But Dawson’s biggest summer event is only one festival celebrating a thriving cultural scene that is unparalleled in Canada. Without the Northwest Territories’ oil and diamond revenues, the Yukon has instead encouraged the arts. According to Statistics Canada (1998 are the latest figures) there is one artist – someone who makes more than 65% of their living from their craft – for every 1000 Canadian residents; in the Yukon there are 5.4 artists per 1000 residents. Since 1980 over 130 albums have been recorded in the Yukon. That is an average of one for every 1,500 residents; the national average is one for every 28,000 residents. And it’s not just music.
At the beginning of a long tradition of culture in the territory American author Jack London came north during the 1880’s Gold Rush and lived in the Yukon where he later set Call of the Wild and White Fang. His cabin still stands in Dawson City as does that of Robert Service whose poems are read aloud daily at open air gatherings, such classics as The Cremation of Sam McGee and The Shooting of Dan McGrew. Canadian literary icon Pierre Berton grew up in Dawson City and he went on to write dozens of books including the Arctic Grail and Klondike. His childhood home is now the site of the Dawson City Writer in Residence program.
To celebrate their deep cultural roots – which have expanded in recent years to include everything from film and storytelling to aboriginal cultural festivals - Yukoners host a year round calendar of events. They don’t even let the cold of winter get in the way; the Frostbite Music Festival, held in Whitehorse each February, is Western Canada’s only winter music festival. It plays out under the Northern Lights for three nights and two days with a multitude of emerging and established Canadian and Yukon musical acts, dances, workshops, a kids' festival and a youth stage. Over the Victoria Day long weekend each May it’s Watson Lake’s turn with an annual music festival focusing on young people and families. And then in June, beneath the majestic St. Elias Mountains, bluegrass is celebrated in Haines Junction.
A new art school in Dawson City also has an artist in residence program as well as offering courses in everything from puppetry and tap dancing to caribou-hair tufting and ballet. The ODD gallery, with which it shares space, shows local works. This is also where the International Short Film Festival has been taking place and growing in size every April since 1999. The 2005 film festival screened over 65 films from around the world. Close on its heels in June is Whitehorse’s Yukon International Film Festival which celebrates overseas, Canadian and Yukon productions with a special focus on feature length environmental, independent and First Nations productions since the festival falls on National Aboriginal Day, June 21; on that same day in Dawson City the Tr'ondëk Hwëch'in First Nation hosts a day of cultural celebrations.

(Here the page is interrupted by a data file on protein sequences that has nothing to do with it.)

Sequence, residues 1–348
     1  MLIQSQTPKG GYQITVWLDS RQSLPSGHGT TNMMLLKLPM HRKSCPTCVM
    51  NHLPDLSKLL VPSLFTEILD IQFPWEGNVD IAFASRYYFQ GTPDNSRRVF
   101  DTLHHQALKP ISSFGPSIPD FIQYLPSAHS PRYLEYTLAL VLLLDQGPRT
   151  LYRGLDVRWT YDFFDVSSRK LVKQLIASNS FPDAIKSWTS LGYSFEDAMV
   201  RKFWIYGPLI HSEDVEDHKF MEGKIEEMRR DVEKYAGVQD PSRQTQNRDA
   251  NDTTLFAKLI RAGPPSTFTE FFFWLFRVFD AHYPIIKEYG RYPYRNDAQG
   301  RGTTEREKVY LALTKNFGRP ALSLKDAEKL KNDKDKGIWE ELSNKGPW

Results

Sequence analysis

August is literary month in the Yukon with Dawson’s Authors on Eighth named after the street where Jack London, Robert Service and Pierre Berton’s residences are located. It’s where writing contest winners receive their prizes and awards on August 17th, part of the three day Yukon Riverside Arts Festival on the sunny banks of the Yukon River. Over 30 visual artists from around the North sell and demonstrate their art in open-air tents while offering one-on-one instruction and group workshops. Meanwhile, on the same weekend in Whitehorse at the Shipyards Park on the banks of the very same Yukon River, storytellers and performers from around the globe - particularly circumpolar artists - tell stories, dance, and perform in a multitude of languages.
The secret to the Yukon’s successful foray into culture is its emphasis on encouraging home-grown talent which spawn festivals with a genuine air of local character. As the Dawson City Music Festival drew to a close well after midnight in the summer of 2005 with a finale that brought a dozen performers on stage, the master of ceremonies strode in front of the microphone. “It’s over. Go home,” Katrina White told the crowd. “But drive carefully because I don’t want to see you later on tonight.” She was also the town doctor. Hoola hoops and sleepy children were gathered up and everyone headed outside into the endless northern summer twilight.